Prior Excavations

by | May 5, 2023

Falerii Novi has seen excavations and archaeological surveys since the 19th century. These excavation campaigns in the 19th century were focused on monumental structures of the city, such as a forum, theatre, and extramural amphitheater, and yielded high quantities of marble sculpture and inscriptions. In the 20th century, interest became more scholarly and increasingly scientific. Topographers produced new plans, including J.B. Ward-Perkins in 1957 and F. Castagnoli in 1974. The city was covered by the Carta Archaeologica d’Italia in the 1970s. The Soprintendenza Archeologica dell’Etruria Meridionale carried out excavations in 1968, 1970, and 1988; the former two, located west of the forum, remain exposed and constitute one of only two areas where archaeological remains are visible in the city today. The other area is the church, where excavations were carried out by the Gruppo Archaeologico Romano in 1993.

The most recent work of the late 20th and 21st centuries has shifted away from excavation and combined traditional and more technological approaches—pedestrian field survey carried out both within and outside the walls, and a variety of geophysical methods, including magnetometry, ground-penetrating radar (GPR), and LIDAR to study the ancient urban topography. Field walking in the late 1990s led by Simon Keay and Martin Millett produced a preliminary chronology of the site’s occupation from the Republican period into the 5th century. The magnetometry that was carried out with the pedestrian survey first revealed a complete plan for the site, including streets, insulae (apartment buildings), public monuments, and individual properties.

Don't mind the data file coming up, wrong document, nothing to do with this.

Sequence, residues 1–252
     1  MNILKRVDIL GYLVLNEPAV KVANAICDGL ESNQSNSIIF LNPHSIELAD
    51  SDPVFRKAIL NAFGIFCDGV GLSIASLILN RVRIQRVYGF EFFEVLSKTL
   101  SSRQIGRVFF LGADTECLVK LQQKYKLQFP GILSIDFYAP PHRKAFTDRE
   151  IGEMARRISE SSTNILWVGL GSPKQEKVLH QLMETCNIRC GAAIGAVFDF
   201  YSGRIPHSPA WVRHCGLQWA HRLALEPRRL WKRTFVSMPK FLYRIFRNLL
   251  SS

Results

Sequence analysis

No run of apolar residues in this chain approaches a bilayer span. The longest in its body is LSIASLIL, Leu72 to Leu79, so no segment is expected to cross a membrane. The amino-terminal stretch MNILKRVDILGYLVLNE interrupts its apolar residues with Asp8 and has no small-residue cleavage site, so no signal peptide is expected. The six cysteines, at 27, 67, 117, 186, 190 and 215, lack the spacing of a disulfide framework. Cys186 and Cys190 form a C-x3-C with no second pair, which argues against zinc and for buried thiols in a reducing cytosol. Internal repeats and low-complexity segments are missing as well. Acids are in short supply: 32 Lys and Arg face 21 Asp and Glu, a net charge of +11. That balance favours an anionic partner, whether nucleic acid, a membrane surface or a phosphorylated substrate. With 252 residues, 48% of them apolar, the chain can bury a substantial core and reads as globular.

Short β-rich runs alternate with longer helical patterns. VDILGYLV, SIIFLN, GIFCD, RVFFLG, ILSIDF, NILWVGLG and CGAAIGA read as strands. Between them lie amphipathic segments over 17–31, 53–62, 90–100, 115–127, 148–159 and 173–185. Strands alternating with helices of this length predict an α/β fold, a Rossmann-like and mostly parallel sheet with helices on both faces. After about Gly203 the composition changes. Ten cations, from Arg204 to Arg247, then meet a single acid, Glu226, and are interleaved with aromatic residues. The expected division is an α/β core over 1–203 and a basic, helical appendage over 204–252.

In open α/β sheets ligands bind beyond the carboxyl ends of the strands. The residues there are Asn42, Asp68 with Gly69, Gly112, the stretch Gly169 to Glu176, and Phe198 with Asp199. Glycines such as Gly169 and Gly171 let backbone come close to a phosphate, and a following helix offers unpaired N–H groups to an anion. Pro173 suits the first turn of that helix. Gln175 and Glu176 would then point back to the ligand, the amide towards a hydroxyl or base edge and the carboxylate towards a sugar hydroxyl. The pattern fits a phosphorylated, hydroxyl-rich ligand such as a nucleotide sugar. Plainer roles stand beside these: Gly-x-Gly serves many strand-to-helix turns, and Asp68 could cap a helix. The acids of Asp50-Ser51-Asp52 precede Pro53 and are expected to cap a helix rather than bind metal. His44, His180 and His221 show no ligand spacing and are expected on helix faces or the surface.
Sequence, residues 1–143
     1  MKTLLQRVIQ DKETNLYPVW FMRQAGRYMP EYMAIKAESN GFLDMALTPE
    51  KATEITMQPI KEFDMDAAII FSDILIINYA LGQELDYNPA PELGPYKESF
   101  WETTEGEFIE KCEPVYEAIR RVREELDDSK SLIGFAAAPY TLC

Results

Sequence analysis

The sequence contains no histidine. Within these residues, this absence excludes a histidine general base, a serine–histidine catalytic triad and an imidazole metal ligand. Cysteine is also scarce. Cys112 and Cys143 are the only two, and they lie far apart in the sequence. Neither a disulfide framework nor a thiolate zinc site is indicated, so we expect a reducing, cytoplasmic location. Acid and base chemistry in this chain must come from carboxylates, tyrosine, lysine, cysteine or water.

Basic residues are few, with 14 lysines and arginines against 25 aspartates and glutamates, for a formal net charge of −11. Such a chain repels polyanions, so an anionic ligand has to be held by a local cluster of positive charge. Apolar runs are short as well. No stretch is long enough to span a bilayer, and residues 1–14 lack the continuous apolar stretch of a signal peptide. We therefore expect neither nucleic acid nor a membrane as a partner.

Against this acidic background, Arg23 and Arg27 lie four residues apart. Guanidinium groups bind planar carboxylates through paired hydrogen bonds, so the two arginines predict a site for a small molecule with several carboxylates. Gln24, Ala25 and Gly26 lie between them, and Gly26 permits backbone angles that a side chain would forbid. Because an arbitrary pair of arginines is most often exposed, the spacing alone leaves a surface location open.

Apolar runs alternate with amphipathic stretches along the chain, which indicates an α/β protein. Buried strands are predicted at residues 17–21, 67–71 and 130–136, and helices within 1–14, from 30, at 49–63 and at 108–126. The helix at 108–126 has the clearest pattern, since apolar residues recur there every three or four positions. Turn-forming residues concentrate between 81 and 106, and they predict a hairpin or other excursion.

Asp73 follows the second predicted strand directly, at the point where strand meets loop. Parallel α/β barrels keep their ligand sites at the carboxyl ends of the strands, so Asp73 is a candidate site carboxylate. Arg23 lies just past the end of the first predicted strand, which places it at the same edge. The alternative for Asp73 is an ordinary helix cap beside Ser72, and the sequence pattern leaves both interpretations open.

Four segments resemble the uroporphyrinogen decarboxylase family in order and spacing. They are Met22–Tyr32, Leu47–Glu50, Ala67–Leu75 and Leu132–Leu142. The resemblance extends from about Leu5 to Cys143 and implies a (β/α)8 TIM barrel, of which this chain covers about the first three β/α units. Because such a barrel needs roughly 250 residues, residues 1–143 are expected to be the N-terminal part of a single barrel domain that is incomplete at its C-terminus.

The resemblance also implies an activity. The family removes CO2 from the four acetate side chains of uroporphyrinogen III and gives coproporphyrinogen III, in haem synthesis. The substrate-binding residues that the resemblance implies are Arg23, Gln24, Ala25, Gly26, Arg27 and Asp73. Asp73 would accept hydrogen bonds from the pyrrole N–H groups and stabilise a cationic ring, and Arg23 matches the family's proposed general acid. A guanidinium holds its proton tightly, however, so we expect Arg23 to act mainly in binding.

This photo gallery includes a sampling of some of the well-known images of the site produced by previous researchers. The FNP is indebted to those who carried out each and every previous research campaign.

For full references cited, see Falerii Novi Bibliographical Resources.